As the lockdown begins to ease the Welsh Government must hold back the tourism flood
Huw Prys Jones
For those of us who have been fortunate enough not to be housebound the past few weeks, it has been a great privilege to experience the peace and beauty of Wales’ countryside.
The timeless words from the Song of Solomon are especially poignant this year: “The flowers appear on the earth; the time of the singing of birds is come, and the voice of the turtle is heard in our land.”
Casting a dark shadow on this blissful tranquility, however, is the threat that any indiscriminate lifting of the lockdown will immediately lead to an inundation of tourists.
The UK’s Prime Minister Boris Johnson has already briefed that from Monday the blanket ‘stay at home’ order will be lifted. We await to hear the Welsh Government’s plans today.
But as soon as there is any freedom of movement, there is a real danger that our countryside will see levels of tourism beyond even the usual, for two reasons:
i) There will be millions of people fed up of being confined at home eager to dash to popular tourist areas.
ii) There are likely to be restrictions for foreign travel, and even if not, there will be more reluctance to travel abroad. A great many of these people will be swarming to areas such as rural Wales and the Lake District and Cornwall.
As politicians grapple with how best to ease the lockdown, it would be unforgivable to take a one-size-fits-all approach that could cause such severe risks to rural spots that have, compared to urban areas, managed so far to stay relatively free of Covid-19.
I am not advocating a different policy for Wales and England as an end in itself. But there must be adequate protection for popular tourist destinations.
France is now introducing measures to ban unnecessary travel further than 100km from one’s home. Such a proposal would also be an excellent choice within Britain, as it would help protect our countryside from such an outcome.
Of course, there is a danger that any mention of following a European example will have nationalist Brexiteer ministers in London foaming in the mouth. However, there is no reason why opposition politicians cannot be making the case for such sensible approaches.
Looking further ahead, the present tranquility of the countryside should give us a pause for thought as to the kind of post-corona world we are seeking.
First of all we need to ask ourselves for whose benefit are our environment and our natural world being sacrificed on the altar of the sacred cow of tourism.
Yes, tourism does sustain viable local businesses, but many of the jobs are very low-paid. Moreover, there is insufficient local labour to do the low-paid jobs, which means many of the larger attractions have to recruit workers from outside the area. As a result benefits to the local community are often exaggerated, whilst a vociferous tourism lobby tries to stifle any honest questions.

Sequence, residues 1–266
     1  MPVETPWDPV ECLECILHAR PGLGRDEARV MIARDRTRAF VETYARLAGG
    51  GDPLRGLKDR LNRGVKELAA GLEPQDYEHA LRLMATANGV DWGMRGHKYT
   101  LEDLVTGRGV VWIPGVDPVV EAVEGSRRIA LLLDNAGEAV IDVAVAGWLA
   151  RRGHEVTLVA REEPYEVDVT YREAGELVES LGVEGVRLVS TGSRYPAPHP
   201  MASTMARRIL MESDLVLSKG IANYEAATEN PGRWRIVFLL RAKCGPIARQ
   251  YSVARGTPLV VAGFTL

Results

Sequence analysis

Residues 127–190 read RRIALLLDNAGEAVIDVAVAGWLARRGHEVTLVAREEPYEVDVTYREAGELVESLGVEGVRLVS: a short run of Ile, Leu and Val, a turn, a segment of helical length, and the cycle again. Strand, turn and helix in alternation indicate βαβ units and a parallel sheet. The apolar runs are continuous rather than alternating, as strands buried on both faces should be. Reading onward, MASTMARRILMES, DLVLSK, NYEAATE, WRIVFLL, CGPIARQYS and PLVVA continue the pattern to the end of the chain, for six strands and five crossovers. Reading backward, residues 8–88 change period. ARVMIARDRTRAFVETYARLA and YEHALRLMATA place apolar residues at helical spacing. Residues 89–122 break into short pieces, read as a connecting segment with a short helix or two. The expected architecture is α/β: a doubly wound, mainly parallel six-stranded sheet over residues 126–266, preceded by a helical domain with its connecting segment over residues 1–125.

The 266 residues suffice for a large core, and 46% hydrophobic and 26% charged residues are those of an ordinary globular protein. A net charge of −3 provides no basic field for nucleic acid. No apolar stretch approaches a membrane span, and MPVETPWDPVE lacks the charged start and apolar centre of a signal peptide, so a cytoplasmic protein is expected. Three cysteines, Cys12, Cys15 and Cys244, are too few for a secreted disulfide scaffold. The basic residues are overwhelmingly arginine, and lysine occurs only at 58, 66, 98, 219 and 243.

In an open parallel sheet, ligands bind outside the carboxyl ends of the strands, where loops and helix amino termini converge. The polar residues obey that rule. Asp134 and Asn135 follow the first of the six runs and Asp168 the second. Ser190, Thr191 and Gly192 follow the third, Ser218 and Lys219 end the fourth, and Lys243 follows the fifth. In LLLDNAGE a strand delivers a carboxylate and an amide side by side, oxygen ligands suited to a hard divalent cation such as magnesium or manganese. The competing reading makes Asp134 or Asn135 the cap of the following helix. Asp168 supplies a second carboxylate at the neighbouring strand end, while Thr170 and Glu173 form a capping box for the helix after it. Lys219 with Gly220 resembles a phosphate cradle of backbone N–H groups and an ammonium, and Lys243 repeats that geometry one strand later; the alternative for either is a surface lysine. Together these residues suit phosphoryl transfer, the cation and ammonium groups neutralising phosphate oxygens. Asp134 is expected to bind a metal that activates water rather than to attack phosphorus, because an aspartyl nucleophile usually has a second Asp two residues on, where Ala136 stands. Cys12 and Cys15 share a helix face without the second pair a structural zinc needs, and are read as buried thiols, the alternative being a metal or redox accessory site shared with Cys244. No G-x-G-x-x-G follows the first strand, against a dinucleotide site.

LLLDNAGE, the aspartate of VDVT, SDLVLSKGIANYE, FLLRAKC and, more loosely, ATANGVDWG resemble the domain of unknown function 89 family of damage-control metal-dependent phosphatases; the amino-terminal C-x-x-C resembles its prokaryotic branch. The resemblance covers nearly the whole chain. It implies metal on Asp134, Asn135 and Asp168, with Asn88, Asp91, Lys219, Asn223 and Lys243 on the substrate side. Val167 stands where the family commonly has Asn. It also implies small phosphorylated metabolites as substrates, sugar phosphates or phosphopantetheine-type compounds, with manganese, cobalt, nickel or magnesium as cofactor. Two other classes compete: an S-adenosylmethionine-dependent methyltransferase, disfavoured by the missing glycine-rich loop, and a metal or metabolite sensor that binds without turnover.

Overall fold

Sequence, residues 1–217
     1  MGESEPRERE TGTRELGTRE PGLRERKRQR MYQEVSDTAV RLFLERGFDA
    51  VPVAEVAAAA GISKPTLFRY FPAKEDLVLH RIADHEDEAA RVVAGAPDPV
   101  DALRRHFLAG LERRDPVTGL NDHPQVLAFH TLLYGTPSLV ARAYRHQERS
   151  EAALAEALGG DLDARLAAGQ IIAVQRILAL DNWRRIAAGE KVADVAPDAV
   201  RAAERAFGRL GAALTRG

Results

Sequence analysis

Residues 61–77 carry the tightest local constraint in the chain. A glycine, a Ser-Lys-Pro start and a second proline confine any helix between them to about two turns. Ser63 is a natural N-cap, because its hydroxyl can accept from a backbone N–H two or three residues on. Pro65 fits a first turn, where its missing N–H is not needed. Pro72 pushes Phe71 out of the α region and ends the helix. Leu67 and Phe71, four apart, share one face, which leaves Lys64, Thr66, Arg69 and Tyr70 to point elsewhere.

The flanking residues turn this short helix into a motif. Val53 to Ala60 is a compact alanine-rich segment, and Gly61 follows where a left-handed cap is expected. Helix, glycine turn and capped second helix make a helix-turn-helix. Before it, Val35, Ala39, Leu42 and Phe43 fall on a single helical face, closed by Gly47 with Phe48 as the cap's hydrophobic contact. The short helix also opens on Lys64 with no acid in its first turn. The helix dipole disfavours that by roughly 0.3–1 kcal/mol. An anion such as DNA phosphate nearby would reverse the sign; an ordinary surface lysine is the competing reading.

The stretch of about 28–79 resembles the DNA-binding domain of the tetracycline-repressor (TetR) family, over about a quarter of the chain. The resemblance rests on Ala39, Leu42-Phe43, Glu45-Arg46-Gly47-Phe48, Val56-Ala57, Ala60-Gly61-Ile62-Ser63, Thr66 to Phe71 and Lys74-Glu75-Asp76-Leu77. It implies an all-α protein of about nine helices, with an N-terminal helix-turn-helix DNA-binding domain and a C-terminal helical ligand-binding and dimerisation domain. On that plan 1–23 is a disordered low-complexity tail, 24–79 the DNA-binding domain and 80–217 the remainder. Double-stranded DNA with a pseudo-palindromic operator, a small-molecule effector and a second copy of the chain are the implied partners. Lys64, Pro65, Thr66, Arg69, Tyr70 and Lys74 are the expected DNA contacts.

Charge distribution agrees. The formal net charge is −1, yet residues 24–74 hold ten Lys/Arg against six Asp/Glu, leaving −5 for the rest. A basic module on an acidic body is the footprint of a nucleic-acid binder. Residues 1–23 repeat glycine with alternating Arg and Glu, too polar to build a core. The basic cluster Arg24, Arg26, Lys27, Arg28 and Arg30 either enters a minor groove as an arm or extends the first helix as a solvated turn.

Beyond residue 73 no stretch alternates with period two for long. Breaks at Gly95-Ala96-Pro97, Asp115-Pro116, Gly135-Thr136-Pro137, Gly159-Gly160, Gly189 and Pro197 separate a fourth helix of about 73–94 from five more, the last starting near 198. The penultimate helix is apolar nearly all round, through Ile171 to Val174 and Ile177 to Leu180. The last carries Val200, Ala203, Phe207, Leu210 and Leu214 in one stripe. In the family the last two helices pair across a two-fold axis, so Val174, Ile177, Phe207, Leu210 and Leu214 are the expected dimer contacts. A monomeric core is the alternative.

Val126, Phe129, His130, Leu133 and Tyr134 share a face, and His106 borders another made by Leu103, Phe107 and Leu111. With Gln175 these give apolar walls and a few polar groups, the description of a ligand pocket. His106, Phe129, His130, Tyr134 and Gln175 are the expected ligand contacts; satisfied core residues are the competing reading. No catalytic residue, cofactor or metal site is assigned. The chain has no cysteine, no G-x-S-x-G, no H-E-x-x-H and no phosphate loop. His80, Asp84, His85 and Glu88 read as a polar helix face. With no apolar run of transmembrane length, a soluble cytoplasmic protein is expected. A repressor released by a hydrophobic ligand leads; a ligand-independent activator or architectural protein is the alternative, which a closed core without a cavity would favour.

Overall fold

Many of the viable local businesses will, of course, have a valid case for government assistance when the restrictions are lifted, and these can be decided on merit.
What cannot be justified, however, would be for the Welsh Government to be wasting more public money promoting Wales as a tourist destination before the pandemic is over.
There will no need for any encouragement by the Welsh Government, whose role must be to focus more on regulation and less on promotion.
Indeed, I suspect that many of the problems we faced during the weekend before lockdown were partly caused by the over-promotion of Wales as an ’empty’ adventure playground where one can climb, hike and boat in perfect isolation.
Yes, we want to share our beautiful land with those who will appreciate it, but if too many come here at the same time, they will leave dissatisfied and destroy what they should be seeking to experience.
One opportunity this pandemic has given us is a chance to pause and rethink our whole way of doing things, particularly in economic and environmental terms. Urban areas are already looking at fewer cars, more sustainable transport and more home working.
But this rethink should include whether we still believe an economy primarily dependent on tourism in much of the mid and west of Wales is desirable.
What we really need from the Welsh Government is a full and comprehensive audit of the social, environmental and cultural impacts of tourism, so we can make informed decisions on how we can regulate it for the future.
Our politicians and civic leaders must understand that seeing our countryside as it used to be will embolden us to demand greater respect for it. There must be no going back to the kind of volume of visitors as we saw during the last weekend in March.
Now is the time to take inspiration from the words of 19th century Welsh radical, R J Derfel, ‘Mynnwn y ddaear yn ôl’ – let us demand the earth back. Our natural world demands that we cannot and must not allow a return to the exploitation and overcrowding of recent years.
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